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Raising healthy replacement heifers

Heidi Doering-Resch and Daniel Kohls Published on 11 August 2010

Raising healthy replacement heifers takes time, commitment, skill and knowledge. Today’s dairy economy has put a great deal of pressure on the cost of raising heifers. Since replacement heifers produce no daily income until they hit the milking string, viewing heifers purely as cost instead of an investment can set up your dairy for disappointment. The future of your dairy’s profitability lies in the care of whoever has fed, doctored and worked with these females.

Whether heifers are raised on-farm or outsourced to custom-raisers, items of consideration for change usually fall within economics and management. Raising dairy females most economically – with the best nutrition – means nothing if their environment impedes growth, health and production. While nutrition costs make up a large portion of raising a replacement heifer, her health, labor and management make up the rest. The key is to focus on the areas that are most influential and make the most impact, and then evaluate if changes are needed.



Let’s look at the bottom line. If you minimize variation and risk associated with environment and management, you should see healthy heifers that are young enough, yet mature enough, to enter the milking herd and retain some costs of production if you also make sure to value and evaluate sound nutrition and health. If we evaluate rearing healthy females, three key items impact the longevity and future milking ability of your replacement herd – those being growth, nutrition and health.

Puberty of females should begin at 50 to 55 percent of their mature bodyweight. This will usually put them on track to calve after reaching 85 percent of their mature bodyweight. Replacement heifers should calve, and subsequently enter the milking herd at 22 to 24 months of age for large breeds and 22 to 23 months of age for smaller breeds.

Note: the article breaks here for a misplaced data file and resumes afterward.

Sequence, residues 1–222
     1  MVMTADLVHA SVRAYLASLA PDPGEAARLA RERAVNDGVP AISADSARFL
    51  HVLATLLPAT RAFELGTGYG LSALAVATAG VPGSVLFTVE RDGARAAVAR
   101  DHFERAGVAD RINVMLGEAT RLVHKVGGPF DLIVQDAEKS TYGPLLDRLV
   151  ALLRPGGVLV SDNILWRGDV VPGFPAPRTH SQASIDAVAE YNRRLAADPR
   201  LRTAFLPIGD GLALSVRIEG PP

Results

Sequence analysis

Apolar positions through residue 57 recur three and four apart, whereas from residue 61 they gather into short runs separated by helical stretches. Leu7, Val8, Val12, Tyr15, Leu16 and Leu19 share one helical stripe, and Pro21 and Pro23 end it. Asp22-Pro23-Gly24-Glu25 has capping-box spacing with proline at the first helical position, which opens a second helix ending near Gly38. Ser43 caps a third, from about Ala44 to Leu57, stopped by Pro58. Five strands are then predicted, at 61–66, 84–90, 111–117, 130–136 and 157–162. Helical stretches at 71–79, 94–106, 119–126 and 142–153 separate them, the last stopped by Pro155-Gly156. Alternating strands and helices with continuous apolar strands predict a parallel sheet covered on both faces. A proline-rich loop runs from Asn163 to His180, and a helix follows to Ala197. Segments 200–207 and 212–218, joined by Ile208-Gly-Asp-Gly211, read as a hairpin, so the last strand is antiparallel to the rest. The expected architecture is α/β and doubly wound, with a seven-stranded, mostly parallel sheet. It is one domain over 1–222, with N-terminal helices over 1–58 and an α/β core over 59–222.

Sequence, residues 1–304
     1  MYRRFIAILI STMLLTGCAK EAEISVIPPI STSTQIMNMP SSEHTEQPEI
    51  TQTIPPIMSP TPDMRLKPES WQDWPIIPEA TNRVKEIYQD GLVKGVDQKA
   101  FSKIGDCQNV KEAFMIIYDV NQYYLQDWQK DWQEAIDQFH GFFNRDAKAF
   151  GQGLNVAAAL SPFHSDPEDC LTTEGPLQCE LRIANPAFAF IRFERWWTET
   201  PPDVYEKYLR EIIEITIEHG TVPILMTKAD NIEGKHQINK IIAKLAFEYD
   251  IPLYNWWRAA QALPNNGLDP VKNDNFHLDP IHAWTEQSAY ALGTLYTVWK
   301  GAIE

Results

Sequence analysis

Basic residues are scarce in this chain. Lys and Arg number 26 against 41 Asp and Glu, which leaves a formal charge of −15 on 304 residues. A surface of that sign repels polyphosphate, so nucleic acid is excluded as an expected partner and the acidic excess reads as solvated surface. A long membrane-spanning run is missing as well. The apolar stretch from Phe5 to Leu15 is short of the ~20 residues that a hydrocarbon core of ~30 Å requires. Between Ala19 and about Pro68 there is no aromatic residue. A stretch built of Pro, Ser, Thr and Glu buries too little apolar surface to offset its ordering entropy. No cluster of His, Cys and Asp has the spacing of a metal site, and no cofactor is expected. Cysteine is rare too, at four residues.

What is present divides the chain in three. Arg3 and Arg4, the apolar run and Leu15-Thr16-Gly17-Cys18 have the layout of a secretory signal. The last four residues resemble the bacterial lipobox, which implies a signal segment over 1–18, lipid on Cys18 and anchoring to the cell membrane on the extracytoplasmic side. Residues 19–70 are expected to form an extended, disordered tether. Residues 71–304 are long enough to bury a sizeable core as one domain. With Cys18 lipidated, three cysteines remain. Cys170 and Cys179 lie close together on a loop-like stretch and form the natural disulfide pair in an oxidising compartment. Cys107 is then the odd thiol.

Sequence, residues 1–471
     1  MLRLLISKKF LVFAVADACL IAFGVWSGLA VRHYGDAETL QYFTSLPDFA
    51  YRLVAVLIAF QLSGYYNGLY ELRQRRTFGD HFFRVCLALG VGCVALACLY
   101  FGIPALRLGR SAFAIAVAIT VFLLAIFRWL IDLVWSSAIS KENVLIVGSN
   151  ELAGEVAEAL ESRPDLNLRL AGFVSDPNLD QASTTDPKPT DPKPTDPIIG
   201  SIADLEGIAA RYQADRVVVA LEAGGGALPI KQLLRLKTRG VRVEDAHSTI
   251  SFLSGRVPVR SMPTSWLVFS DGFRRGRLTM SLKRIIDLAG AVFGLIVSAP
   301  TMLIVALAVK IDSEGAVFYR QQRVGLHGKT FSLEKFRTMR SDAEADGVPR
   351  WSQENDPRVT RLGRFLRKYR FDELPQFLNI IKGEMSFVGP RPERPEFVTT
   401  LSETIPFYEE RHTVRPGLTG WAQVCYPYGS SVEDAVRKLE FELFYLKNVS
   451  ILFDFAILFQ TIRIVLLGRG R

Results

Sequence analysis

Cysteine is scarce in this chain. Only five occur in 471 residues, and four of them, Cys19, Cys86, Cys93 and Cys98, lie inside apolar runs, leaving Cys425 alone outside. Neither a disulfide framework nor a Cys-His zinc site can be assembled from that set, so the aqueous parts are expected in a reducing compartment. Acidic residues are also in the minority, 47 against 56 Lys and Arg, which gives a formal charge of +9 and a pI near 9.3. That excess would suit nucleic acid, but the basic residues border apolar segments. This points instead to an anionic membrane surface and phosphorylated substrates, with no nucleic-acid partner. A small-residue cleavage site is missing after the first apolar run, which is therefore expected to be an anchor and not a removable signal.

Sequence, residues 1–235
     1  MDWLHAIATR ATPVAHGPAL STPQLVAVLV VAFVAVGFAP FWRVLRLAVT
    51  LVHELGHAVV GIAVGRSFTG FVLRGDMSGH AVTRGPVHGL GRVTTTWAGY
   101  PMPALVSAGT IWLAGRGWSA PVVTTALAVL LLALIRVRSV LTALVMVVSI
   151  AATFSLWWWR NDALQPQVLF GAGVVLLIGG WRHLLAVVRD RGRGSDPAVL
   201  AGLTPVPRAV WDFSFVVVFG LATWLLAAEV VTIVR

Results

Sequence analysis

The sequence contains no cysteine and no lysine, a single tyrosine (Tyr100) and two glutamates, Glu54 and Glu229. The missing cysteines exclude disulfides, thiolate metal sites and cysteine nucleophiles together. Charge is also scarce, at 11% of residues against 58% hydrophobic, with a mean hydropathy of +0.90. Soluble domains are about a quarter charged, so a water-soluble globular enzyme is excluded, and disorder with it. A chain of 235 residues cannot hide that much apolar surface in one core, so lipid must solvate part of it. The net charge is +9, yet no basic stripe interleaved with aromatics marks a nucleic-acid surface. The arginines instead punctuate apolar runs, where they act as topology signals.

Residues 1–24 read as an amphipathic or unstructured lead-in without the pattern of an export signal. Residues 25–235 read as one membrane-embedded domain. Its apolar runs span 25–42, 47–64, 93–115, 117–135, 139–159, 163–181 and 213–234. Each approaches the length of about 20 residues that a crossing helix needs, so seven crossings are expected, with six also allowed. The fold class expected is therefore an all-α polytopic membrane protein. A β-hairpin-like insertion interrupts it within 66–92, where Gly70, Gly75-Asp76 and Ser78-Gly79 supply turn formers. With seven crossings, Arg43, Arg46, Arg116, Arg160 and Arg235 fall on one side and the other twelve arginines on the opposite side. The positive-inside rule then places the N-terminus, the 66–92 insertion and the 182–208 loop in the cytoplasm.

Holstein heifers must gain more than 1.7 pounds per head per day if they are expected to calve at 23 to 24 months of age, weigh more than 1,250 pounds after calving and achieve lactation yields above herd average. While not the sole way to define future milking ability, live bodyweight does have some application as long as one is accustomed to variation within and among breeds. In addition to bodyweight, wither height is also a good tool to be accustomed to measuring and can easily be done by trained personnel. Monitoring height is important to ensure proper frame development without excess body condition, which is the danger in monitoring bodyweight alone. There are also multiple studies that outline by breed the growth curve of these replacement females. Tools such as these should be visible in replacement operations.

Common sense, combined with research, would dictate that having adequately balanced diets for growth goals, without producing excessive body condition, produces healthy heifers that can achieve superior levels of milk production. Therefore, ensuring adequate (not excessive), balanced nutrition to achieve growth goals should be evaluated at each stage of the heifer’s life. Continually benchmarking heifer bodyweight, body condition score and height at weaning, pre-breeding and pre-calving, will ensure long-term success and/or head off long-term problems in replacement development.